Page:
There are some serious public safety issues that affect nearby neighbors. How do you balance the needs of those who need help — those who are homeless — and the neighbors of some of these encampments?

It is not a secret that these encampments can create public safety challenges.

What we have to do is compare the encampment with what the alternative would be. And the alternative to the encampment are those same number of folks scattered throughout the city, without any community and without any level of ability for our social workers and case managers to find them. We see this happen a lot, especially with evictions, where suddenly we have people squatting in abandoned buildings, breaking into houses.

At least when they’re in the encampment, they’re in a controlled space and a space where our outreach workers know where to find them and can get them into the services that they need.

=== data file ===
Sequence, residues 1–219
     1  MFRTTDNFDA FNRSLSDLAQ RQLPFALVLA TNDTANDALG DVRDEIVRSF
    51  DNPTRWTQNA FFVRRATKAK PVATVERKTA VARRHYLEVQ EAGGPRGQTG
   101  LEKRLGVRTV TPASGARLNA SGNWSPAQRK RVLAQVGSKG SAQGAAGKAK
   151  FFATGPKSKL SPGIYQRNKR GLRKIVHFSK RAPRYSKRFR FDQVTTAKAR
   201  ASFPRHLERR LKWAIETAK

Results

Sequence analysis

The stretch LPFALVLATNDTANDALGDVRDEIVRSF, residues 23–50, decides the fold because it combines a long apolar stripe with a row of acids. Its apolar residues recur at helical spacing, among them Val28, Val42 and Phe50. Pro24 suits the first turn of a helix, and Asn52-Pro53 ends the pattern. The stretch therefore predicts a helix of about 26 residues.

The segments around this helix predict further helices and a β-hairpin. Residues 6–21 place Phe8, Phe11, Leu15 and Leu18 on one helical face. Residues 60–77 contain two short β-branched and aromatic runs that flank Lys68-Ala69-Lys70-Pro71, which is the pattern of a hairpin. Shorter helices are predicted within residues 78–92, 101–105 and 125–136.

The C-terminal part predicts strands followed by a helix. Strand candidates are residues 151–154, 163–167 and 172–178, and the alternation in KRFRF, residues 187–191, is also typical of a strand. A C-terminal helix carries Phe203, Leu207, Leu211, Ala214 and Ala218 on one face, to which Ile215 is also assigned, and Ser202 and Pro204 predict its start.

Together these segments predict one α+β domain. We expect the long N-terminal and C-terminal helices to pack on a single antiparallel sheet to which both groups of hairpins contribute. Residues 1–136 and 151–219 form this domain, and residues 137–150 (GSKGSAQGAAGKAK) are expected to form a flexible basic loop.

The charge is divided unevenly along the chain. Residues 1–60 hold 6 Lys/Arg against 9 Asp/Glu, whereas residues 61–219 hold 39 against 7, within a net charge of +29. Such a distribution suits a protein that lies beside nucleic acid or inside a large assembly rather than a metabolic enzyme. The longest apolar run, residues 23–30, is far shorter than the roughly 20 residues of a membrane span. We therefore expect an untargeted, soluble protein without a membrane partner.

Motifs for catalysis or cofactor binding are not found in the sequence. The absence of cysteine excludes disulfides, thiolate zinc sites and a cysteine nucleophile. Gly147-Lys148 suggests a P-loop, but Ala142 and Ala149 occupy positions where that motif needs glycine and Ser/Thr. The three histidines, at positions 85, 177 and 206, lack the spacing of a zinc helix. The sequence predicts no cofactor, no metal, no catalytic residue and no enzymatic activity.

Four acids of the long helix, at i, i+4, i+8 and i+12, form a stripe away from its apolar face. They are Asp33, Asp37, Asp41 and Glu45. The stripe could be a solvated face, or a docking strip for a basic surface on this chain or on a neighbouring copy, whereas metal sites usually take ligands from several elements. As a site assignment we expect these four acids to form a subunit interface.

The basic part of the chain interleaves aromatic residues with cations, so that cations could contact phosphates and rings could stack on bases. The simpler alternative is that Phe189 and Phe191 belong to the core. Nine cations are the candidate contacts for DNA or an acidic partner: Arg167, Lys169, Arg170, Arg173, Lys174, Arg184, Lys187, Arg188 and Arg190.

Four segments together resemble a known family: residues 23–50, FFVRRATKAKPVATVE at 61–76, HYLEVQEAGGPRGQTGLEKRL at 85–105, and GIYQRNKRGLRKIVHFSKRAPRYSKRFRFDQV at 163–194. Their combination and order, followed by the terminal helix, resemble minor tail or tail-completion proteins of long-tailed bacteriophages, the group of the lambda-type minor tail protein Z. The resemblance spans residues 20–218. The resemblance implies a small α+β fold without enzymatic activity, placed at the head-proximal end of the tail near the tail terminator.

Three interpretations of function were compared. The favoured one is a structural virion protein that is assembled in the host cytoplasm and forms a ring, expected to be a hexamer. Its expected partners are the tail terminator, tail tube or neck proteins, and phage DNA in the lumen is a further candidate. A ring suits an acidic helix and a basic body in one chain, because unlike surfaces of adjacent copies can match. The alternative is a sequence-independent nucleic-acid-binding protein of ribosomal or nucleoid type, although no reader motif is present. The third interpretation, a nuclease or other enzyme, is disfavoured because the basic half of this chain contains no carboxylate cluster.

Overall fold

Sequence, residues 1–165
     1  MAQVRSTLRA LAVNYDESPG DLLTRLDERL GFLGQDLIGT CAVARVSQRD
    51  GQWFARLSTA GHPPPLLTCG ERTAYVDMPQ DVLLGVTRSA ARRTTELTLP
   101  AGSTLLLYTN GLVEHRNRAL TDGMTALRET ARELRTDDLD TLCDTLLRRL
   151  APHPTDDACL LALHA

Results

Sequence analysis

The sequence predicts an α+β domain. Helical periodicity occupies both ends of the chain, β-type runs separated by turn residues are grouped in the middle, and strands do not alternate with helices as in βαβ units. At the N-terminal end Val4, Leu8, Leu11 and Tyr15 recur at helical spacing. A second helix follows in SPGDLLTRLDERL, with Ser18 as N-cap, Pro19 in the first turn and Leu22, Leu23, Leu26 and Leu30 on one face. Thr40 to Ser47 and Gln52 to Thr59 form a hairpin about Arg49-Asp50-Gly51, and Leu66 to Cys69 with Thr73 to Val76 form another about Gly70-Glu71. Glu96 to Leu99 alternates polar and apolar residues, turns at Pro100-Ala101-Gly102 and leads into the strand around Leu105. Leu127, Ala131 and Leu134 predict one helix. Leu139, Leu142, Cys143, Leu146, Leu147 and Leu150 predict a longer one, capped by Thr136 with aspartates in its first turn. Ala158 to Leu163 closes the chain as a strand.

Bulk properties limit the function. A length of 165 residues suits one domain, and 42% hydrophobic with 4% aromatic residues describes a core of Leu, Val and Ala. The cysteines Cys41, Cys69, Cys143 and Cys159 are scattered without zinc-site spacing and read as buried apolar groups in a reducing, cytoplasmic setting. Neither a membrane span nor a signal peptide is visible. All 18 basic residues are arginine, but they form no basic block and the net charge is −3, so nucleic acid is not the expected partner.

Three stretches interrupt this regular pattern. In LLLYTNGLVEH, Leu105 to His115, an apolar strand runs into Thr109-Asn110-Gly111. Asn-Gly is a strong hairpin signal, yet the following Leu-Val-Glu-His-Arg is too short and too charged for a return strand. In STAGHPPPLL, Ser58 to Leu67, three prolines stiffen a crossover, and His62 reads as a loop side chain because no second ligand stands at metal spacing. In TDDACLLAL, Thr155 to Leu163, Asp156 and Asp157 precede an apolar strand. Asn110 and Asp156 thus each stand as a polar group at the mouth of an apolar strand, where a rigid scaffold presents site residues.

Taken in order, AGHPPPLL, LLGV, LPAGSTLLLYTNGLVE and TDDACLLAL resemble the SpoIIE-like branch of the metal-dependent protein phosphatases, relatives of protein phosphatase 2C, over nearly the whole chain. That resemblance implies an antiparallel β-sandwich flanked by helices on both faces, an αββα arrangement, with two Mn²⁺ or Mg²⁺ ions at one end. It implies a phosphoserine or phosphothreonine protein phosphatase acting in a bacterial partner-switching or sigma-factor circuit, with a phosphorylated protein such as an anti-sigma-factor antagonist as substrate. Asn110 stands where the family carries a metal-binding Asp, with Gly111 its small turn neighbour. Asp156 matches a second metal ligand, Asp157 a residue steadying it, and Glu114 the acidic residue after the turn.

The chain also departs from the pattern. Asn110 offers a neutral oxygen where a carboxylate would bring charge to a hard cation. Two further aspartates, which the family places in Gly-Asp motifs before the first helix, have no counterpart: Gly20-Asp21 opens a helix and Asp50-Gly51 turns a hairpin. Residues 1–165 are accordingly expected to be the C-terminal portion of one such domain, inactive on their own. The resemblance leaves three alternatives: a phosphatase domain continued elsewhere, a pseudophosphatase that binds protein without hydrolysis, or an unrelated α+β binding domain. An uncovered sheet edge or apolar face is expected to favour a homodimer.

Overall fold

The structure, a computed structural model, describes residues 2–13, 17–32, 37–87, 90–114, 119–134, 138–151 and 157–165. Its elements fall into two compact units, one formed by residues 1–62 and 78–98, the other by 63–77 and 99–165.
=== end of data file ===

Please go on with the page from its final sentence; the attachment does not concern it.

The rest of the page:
How do you plan to work with Mayor Frey?

Well, the first thing I did yesterday was walk up to his office and go have a conversation with him. I talked about my agenda and some of the things I wanted to accomplish with him. And I just really wanted to set the tone of collaboration with him.

One of the things that was a challenge in our first term was that we had a majority of new council members sworn in, in 2021. And we were restoring our government and really figuring out what is going to be this new system of how council and the executive branch works together. I really reiterated the important role of city council and how we're going to make our city better when we are unified working together.